Dept. of Speculation

Now, some five or six weeks later, I look at the passages I noted and I recognise them but they’re islands of prose. There’s a popular type of image to use when depicting Canary Wharf, London’s second financial centre; corporate glass and steel towers rising out of clouds, isolated and aloof. Here’s an example:

CWclouds

Writing this today, that’s how Dept. is for me. I have the quotes I’ll include in this piece, but otherwise it’s completely lost.

The narrator is a creative-writing teacher in Brooklyn (I know, bear with me here for a moment). Her partner (husband? I don’t remember) records street and nighttime sounds which he uses to make abstract electronic music. These are all real things of course. I read novels by Brooklyn authors (this is one). I listen to quite a lot of field-recording electronic music. Still, it’s fair to say we’re in a bubble here.

Another night. My old apartment in Brooklyn. It was late, but of course, I couldn’t sleep. Above me, speed freaks merrily disassembling something. Leaves against the window. I felt a sudden chill and pulled the blanket over my head. That’s the way they bring horses out of a fire, I remembered. If they can’t see, they won’t panic. I tried to figure out if I felt calmer with a blanket over my head. No I did not was the answer.

The narrator and her partner met, they fell in love, they had a kid, they have relationship problems. That’s pretty much the story, such as it is, and what more do you need? For most of us our dramas are domestic, and better that than to live through wars and famines.

Dept. is written in fragments of thought. Each paragraph is a reflection, a moment, a passing mental connection. That’s its chief strength, because much of it feels true to how we think, or how I think anyway. It isn’t chronological but rather goes back and forth flitting from thought to memory to thought. It’s like Buddhist meditation where you allow your mind to wander as it wishes and observe it as it does so, but somehow remain separate from it.

Antelopes have 10× vision, you said. It was the beginning or close to it. That means that on a clear night they can see the rings of Saturn. It was still months before we’d tell each other all our stories. And even then some seemed too small to bother with. So why do they come back to me now? Now, when I’m so weary of all of it.

As an aside, I tried Buddhist meditation once. I am it turns out not yet ready to be enlightened. My mind chatters loudly. So it goes.

When it works, which is almost all the time, it works superbly well. I was absolutely captured by Offill’s voice. The paragraph-thoughts are neat and clearly very carefully crafted but that’s fine, the narrator is after all a Brooklyn novelist and anyway novels are by their nature inherently artificial. Offill has a meticulous eye and an understated sense of humour and I found this an effortlessly easy read – a standing contradiction to the false dichotomy between readability and literary quality.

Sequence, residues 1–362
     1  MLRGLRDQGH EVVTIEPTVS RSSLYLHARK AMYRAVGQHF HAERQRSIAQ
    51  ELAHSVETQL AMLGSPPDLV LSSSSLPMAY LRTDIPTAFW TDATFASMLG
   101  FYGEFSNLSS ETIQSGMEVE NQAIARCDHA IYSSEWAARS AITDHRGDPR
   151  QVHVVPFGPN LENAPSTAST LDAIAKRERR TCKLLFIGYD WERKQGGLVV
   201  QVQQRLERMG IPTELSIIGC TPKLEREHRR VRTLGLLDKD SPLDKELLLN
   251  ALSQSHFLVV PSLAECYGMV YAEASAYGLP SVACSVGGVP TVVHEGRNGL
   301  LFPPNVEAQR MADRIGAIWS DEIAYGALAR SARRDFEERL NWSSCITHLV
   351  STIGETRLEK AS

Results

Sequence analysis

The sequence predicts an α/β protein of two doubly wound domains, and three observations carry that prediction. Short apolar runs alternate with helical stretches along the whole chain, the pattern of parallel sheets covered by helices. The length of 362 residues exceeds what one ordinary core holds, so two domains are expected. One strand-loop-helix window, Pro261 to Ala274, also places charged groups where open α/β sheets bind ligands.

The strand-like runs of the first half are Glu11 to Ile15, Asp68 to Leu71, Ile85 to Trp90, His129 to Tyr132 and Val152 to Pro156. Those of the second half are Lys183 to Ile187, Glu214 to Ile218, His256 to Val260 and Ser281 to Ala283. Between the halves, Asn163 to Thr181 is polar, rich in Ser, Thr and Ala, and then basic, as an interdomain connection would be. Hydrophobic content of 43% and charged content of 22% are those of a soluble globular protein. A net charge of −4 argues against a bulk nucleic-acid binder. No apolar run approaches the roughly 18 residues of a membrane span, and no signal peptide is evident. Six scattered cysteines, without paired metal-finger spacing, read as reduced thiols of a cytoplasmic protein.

Themes emerge (or I assume they do based on the paragraphs I noted at the time), most notably the challenge of “the unsatisfactory nature of ordinary experience”. The narrator and her partner are both artists, but art demands dedication and life demands compromise. In the early days:

I learned you were fearless about the weather. You wanted to walk around the city, come rain come snow come sleet, recording things. I bought a warmer coat with many ingenious pockets. You put your hands in all of them.

That can’t last though. Now the narrator spends her days looking after her child, trying her best to make something interesting of her day to tell her partner when he comes home. Their lives aren’t in each other’s pockets anymore, and she hasn’t turned out to be the selfish “art-monster” caring about nothing but her craft that she once dreamed of being. It’s not so much that she resents the life she has (she loves her child and her partner, even with their current problems), but rather that the gradual brutality of adapting to the ordinary wearies her.

Some women make it look so easy, the way they cast ambition off like an expensive coat that no longer fits.

It’s not quite what I’d call universal, but it’s not rare either. Almost anyone who spent university talking philosophy and art and drinking in late night bars will recognise the shock of finding yourself having to get to work on a Wednesday morning. How did all that come to this? Why does all that always seem to come to this? There are good answers, but not always satisfying ones.

I mentioned Offill’s sense of humour. Part of it manifests in gently mocking her own craft:

Advice for wives circa 1896: The indiscriminate reading of novels is one of the most injurious habits to which a married woman can be subject. Besides the false views of human nature it will impart … it produces an indifference to the performance of domestic duties, and contempt for ordinary realities.

Or:

My friend who teaches writing sometimes flips out when she is grading stories and types the same thing over and over again. WHERE ARE WE IN TIME AND SPACE? WHERE ARE WE IN TIME AND SPACE?

This is not of course a novel where most of the time you have the faintest idea where you are in time and space. It’s also that theme again, art and mundanity. Teaching writing, which is teaching art, reduced to marking piles of repetitive scripts. You might as well work in an office, at least you’d get the evenings off.